Selling dogs from 'puppy mills' prohibited by bill approved by Maryland legislature

Maryland pet stores would no longer be able to sell dogs born in so-called “puppy mills” under a bill the General Assembly approved Saturday.

The legislation, which also applies to the sale of cats, limits where stores can obtain their animals to three sources: animal welfare organizations, animal control units and licensed breeders.

The bill now moves to Gov. Larry Hogan, who can either sign the measure, veto it or let it become law without his signature.

House Speaker Michael Busch testified in favor of the bill at legislative hearings alongside his sister, Kathleen “Laurie” Bernhardt.

Last year, Bernhardt donated half her liver to her brother, who was in the final stages of liver failure. In an interview with the Baltimore Sun, she joked that all she wanted in exchange for that sacrifice was for a puppy mill ban to become law in Maryland.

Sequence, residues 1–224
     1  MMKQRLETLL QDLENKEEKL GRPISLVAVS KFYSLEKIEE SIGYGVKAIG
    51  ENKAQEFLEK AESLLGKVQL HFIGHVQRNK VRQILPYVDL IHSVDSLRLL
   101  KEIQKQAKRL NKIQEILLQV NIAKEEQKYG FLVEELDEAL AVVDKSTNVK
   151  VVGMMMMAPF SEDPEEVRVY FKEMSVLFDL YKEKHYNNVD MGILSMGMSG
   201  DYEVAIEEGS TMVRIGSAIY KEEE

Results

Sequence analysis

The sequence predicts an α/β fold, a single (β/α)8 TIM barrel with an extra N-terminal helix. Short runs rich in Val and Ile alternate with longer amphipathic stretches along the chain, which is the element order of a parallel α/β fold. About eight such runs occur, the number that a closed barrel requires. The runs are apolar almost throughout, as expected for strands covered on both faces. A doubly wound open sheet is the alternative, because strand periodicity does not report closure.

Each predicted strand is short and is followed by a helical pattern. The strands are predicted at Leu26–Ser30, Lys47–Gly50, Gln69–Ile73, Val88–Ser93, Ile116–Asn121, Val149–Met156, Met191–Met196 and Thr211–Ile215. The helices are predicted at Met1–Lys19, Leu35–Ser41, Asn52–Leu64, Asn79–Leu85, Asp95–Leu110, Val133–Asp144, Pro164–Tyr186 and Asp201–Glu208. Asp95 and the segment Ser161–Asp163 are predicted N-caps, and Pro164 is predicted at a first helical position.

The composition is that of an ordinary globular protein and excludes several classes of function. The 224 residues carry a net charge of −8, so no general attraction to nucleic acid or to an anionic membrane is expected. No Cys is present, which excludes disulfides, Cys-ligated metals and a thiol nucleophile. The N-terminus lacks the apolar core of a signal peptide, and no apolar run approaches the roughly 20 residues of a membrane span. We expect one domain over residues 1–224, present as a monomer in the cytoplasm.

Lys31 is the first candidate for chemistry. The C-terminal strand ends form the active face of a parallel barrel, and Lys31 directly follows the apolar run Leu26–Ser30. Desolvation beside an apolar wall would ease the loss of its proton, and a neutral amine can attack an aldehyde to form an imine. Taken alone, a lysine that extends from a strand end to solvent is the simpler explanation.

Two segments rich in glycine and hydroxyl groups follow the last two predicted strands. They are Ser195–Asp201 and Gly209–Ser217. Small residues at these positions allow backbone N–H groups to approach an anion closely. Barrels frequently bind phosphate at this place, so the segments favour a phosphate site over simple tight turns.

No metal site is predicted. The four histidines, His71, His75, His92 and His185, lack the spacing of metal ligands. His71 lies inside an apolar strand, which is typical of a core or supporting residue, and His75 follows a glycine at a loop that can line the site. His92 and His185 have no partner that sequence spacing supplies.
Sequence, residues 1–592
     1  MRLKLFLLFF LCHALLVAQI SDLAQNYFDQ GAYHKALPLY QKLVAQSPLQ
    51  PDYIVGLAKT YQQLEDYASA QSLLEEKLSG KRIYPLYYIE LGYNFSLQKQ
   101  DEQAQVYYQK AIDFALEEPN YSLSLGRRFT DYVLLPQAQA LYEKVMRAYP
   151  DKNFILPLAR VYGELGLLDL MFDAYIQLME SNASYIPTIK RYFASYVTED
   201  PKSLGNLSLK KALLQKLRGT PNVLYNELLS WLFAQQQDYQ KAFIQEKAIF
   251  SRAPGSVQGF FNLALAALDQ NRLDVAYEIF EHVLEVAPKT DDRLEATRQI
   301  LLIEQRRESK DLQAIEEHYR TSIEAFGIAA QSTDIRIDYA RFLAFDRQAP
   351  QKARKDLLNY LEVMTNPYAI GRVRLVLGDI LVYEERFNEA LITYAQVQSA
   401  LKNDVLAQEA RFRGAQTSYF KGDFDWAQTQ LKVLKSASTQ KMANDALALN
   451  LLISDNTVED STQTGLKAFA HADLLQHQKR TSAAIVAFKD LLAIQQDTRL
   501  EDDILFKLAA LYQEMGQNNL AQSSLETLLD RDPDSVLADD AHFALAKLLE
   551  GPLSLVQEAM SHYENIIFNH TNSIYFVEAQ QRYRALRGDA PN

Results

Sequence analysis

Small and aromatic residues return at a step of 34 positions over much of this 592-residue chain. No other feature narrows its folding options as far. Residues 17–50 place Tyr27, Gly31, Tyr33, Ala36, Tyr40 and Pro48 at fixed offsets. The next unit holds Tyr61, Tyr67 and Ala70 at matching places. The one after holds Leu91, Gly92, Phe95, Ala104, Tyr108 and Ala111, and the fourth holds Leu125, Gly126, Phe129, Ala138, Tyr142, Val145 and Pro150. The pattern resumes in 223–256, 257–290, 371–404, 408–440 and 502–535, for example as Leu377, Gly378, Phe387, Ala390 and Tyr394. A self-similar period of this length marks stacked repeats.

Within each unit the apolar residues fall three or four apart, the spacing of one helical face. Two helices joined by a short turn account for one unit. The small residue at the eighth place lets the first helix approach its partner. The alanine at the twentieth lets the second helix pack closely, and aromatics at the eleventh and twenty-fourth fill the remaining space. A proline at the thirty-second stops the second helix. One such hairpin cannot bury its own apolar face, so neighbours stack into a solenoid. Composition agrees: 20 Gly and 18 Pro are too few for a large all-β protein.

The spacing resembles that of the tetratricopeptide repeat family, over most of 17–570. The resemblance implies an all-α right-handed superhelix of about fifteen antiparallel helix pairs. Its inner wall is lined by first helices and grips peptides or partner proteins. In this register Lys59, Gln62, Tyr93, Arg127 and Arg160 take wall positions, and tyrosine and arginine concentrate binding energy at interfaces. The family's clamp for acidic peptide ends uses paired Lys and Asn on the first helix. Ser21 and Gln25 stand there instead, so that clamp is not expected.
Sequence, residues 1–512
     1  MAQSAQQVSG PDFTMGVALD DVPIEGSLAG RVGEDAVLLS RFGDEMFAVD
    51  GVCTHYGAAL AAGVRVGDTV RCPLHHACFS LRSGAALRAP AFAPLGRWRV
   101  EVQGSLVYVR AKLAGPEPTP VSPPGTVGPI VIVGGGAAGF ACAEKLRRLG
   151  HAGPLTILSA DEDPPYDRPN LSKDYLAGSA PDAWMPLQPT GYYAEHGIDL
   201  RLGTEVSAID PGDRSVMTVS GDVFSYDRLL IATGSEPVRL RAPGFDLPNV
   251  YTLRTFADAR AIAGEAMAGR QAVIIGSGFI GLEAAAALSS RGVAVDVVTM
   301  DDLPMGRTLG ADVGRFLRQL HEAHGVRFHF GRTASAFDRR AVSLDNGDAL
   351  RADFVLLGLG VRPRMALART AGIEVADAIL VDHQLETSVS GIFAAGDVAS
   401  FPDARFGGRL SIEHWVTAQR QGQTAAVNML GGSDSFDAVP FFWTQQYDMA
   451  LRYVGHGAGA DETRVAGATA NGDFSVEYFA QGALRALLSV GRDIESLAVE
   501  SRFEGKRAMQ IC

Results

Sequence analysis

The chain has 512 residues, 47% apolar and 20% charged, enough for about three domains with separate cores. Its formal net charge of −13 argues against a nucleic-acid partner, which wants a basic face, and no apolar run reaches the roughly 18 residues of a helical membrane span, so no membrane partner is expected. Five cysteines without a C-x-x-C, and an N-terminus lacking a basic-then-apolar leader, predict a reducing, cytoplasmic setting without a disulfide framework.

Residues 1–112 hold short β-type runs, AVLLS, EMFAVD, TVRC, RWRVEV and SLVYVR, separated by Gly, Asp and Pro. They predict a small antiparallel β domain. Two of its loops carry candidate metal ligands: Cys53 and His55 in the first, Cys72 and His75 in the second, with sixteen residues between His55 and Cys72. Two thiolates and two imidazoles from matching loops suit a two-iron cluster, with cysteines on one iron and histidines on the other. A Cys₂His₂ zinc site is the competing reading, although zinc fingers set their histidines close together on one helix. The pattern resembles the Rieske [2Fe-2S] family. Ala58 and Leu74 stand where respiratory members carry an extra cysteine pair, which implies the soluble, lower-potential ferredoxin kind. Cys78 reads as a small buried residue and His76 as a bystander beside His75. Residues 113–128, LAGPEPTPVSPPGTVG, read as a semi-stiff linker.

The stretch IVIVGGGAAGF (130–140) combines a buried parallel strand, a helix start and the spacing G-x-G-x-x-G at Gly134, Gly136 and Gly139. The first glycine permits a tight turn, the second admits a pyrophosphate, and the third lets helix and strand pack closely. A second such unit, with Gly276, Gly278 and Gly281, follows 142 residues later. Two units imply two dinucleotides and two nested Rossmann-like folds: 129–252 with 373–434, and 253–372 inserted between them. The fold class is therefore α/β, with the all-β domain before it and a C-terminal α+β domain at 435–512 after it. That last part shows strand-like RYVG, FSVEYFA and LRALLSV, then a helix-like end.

Animal rights advocates say puppy mills are large-scale breeding operations that value profit above animal welfare. Lawmakers said there are seven pet stores in Maryland known to sell from puppy mills.

Opposition to the bill came from delegates who questioned whether it was structured in a way that prevented reputable breeders from selling to pet shops

Just Puppies in Towson is one of the seven pet stores that lawmakers claimed sold from puppy mills. Donna Ryan, co-manager of the store, said she testified against the bill and that the store deals with small breeders and that the company ensures the dogs it sells are healthy and raised humanely.

“We’re against large breeders,” Ryan said Saturday. “We go beyond the rules that Maryland has already established.”

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